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Homo sapiens have been on earth for 200,000 years — give or take a few ten-thousand-year stretches. Much of that time is shrouded in the fog of prehistory. What we do know has been pieced together by deciphering the fossil record through the principles of evolutionary theory. Yet new discoveries contain the potential to refashion that knowledge and lead scientists to new, previously unconsidered conclusions.

A set of 8-million-year-old teeth may have done just that. Researchers recently inspected the upper and lower jaw of an ancient European ape. Their conclusions suggest that humanity's forebearers may have arisen in Europe before migrating to Africa, potentially upending a scientific consensus that has stood since Darwin's day.

Rethinking humanity's origin story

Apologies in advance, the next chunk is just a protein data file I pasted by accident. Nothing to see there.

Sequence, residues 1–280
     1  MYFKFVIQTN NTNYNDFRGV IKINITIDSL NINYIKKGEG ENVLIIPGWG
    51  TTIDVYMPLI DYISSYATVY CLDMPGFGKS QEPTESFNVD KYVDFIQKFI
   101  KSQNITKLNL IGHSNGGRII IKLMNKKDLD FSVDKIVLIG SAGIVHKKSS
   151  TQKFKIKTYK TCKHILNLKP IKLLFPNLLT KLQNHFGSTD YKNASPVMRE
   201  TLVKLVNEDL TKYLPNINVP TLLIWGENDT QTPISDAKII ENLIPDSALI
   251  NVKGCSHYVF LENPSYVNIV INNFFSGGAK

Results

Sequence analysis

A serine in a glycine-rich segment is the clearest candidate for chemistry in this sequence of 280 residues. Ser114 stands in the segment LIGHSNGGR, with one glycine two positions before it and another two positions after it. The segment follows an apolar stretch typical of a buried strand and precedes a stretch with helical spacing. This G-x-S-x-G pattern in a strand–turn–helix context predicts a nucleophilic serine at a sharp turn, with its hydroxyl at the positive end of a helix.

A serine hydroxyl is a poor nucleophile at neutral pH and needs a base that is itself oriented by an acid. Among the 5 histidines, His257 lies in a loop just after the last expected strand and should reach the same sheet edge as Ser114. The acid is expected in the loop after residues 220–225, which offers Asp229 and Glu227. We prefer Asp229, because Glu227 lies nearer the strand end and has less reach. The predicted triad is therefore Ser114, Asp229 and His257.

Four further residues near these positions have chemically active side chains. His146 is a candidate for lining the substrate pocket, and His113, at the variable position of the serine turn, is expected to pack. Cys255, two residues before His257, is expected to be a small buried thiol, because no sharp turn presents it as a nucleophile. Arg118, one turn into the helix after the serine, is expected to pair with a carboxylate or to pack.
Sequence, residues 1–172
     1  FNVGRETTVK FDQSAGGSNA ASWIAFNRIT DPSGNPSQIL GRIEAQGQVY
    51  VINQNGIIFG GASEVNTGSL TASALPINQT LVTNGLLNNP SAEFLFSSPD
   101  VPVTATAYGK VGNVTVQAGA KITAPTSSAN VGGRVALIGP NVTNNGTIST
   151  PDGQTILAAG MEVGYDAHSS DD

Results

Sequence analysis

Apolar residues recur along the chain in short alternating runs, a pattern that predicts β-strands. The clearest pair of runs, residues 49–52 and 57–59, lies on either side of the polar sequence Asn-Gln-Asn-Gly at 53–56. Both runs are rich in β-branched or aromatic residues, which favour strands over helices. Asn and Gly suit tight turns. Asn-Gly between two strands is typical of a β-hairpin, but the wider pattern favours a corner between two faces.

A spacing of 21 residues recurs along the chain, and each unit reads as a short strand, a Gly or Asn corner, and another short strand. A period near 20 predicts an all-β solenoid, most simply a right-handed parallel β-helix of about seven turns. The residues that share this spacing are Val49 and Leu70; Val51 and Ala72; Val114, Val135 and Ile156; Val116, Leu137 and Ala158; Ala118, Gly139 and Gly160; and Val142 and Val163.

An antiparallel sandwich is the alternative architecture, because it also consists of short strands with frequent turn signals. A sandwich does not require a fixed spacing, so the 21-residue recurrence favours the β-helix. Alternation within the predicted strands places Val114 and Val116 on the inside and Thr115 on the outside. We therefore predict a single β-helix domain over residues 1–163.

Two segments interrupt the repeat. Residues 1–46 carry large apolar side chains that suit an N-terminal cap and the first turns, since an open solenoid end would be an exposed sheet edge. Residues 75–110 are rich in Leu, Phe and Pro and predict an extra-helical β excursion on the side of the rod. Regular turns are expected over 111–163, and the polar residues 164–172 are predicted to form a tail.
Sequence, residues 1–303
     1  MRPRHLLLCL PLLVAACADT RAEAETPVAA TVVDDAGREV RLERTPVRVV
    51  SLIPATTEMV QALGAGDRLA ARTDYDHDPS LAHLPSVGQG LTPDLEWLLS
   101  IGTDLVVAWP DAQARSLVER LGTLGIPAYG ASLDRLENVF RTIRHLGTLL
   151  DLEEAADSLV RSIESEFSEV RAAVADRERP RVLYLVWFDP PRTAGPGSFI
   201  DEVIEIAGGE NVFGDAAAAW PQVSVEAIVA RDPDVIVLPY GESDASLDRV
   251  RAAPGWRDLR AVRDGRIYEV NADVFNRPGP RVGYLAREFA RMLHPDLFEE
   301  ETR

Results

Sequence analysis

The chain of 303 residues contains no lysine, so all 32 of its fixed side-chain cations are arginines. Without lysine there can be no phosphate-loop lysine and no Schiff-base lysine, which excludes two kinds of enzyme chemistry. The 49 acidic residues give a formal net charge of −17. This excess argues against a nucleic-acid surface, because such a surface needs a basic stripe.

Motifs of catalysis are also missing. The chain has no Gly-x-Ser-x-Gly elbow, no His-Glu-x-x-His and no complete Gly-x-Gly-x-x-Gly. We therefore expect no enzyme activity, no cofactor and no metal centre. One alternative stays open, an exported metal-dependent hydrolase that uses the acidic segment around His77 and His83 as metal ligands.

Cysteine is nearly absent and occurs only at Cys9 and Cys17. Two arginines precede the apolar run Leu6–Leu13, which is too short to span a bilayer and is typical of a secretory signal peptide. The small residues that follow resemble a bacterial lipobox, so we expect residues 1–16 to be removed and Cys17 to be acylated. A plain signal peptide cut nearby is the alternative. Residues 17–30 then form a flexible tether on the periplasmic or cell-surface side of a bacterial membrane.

The frontispiece of Thomas Huxley's Evidence as to Man's Place in Nature (1863) sketched by natural history artist Benjamin Waterhouse Hawkins. (Photo: Wikimedia Commons)

As reported in New Scientist, the 8- to 9-million-year-old hominin jaw bones were found at Nikiti, northern Greece, in the '90s. Scientists originally pegged the chompers as belonging to a member of Ouranopithecus, an genus of extinct Eurasian ape.

David Begun, an anthropologist at the University of Toronto, and his team recently reexamined the jaw bones. They argue that the original identification was incorrect. Based on the fossil's hominin-like canines and premolar roots, they identify that the ape belongs to a previously unknown proto-hominin.

The researchers hypothesize that these proto-hominins were the evolutionary ancestors of another European great ape Graecopithecus, which the same team tentatively identified as an early hominin in 2017. Graecopithecus lived in south-east Europe 7.2 million years ago. If the premise is correct, these hominins would have migrated to Africa 7 million years ago, after undergoing much of their evolutionary development in Europe.